Everyone is mostly aware of his brother Gerald Durrell but for me Lawrence Durrell is way better than his brother when it comes to the skill of writing. His books touch the soul like no other, they literally wrench it with their descriptions of love and loss. Justine is the first in what is called The Alexandria Quartet. I do not know how to describe this book and I have read it almost seventeen times now, and every time I read it, it takes my breath away. The book is about four people (actually five, including the narrator) and their lives in war-time.
Justine is about emotions – raw and in your face, the ones that threaten to tear your life apart and yet you are attracted only to them. Self-destruction in poetry is what Justine is about. The sentences sing – it is that fabulous a book. The descriptions want you to get on to a flight to Alexandria and experience the chaos for yourself. Time is of great essence in these books. It plays the central role – defining characters and their perspectives. There is no way to define Justine and what it does to me. It touches me on so many levels and you will only know of it once you read it.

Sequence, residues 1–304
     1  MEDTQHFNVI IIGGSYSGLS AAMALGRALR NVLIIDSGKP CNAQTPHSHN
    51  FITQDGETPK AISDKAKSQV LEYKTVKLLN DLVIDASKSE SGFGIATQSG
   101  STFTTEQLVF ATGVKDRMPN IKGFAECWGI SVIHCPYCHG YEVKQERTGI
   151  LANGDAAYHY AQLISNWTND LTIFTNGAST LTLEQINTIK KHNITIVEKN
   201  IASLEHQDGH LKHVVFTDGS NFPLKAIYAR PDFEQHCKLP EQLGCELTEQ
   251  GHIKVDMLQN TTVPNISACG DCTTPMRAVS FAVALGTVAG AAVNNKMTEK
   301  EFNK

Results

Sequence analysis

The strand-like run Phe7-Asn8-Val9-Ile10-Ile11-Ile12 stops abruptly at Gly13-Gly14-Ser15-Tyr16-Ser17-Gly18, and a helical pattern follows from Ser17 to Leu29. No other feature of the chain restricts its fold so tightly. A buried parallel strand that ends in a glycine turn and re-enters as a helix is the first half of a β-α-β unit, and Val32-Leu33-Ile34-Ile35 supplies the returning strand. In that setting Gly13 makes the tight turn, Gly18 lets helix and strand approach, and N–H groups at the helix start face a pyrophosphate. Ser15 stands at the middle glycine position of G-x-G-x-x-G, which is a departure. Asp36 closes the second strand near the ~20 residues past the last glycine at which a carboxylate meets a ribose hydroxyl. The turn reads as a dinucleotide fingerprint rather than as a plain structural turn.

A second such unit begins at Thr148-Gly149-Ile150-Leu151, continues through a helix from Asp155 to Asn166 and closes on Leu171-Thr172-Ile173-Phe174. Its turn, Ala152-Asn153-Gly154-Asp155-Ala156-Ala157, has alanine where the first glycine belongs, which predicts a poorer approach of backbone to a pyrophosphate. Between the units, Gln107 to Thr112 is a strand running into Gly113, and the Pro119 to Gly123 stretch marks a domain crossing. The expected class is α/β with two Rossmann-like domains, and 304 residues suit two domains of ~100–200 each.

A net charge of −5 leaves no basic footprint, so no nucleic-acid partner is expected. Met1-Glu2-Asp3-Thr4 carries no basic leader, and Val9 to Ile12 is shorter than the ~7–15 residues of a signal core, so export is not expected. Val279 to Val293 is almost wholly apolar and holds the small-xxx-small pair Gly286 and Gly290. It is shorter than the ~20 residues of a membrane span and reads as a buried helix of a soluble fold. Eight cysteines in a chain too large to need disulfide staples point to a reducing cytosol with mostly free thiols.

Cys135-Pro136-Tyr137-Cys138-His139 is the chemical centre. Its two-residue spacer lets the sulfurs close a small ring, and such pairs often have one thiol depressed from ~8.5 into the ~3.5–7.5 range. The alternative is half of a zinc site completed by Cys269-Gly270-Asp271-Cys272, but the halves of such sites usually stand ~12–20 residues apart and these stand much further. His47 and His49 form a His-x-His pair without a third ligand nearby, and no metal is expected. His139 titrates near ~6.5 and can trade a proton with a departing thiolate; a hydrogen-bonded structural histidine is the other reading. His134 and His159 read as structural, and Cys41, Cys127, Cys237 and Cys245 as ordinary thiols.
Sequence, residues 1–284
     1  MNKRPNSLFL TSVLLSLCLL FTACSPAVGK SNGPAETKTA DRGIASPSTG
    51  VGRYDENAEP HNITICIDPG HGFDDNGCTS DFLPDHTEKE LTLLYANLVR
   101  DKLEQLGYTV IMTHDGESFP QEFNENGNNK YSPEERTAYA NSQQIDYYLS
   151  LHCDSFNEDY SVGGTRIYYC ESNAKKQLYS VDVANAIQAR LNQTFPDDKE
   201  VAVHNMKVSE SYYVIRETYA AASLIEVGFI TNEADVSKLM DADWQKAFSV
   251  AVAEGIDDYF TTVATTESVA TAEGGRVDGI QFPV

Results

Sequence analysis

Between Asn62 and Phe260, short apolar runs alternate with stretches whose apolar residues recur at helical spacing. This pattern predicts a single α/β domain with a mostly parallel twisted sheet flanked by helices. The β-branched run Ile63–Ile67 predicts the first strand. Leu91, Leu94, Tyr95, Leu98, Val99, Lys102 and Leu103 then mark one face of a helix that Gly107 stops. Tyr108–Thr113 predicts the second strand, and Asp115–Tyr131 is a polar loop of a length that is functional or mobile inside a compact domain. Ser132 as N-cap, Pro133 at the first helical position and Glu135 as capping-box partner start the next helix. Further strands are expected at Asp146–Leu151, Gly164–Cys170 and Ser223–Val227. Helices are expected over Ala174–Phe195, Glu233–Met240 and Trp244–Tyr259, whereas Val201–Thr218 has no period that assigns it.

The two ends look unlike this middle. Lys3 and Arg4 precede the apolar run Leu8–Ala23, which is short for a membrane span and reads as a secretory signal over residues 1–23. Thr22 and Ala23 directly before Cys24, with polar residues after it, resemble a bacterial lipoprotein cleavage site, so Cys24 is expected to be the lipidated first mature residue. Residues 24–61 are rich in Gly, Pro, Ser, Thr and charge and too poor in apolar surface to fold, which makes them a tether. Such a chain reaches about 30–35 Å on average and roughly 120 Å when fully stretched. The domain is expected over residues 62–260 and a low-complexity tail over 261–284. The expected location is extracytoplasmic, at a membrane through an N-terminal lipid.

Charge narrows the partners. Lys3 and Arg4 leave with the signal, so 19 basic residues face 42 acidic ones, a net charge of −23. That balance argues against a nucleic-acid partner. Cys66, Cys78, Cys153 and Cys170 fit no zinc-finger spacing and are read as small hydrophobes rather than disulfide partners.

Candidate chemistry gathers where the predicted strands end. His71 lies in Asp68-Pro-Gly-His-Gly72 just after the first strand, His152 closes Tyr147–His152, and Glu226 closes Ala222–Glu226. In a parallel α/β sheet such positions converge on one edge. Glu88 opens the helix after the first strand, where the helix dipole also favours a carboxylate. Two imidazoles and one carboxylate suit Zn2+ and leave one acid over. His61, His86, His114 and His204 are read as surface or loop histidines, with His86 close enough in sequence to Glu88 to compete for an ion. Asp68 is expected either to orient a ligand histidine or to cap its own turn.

Here is something for you from the book:
“A city becomes a world when one loves one of its inhabitants.”
“We are all hunting for rational reasons for believing in the absurd.”
“Who invented the human heart, I wonder? Tell me, and then show me the place where he was hanged.”
“The loved object is simply one that has shared an experience at the same moment of time, narcissistically; and the desire to be near the beloved object is at first not due to the idea of possessing it, but simply to let the two experiences compare themselves, like reflections in different mirrors. All this may precede the first look, kiss, or touch; precede ambition, pride, or envy; precede the first declarations which mark the turning point—for from here love degenerates into habit, possession, and back to loneliness.”
“It is hard to fight with one’s heart’s desires; whatever it wishes to get, it purchases at the cost of the soul.”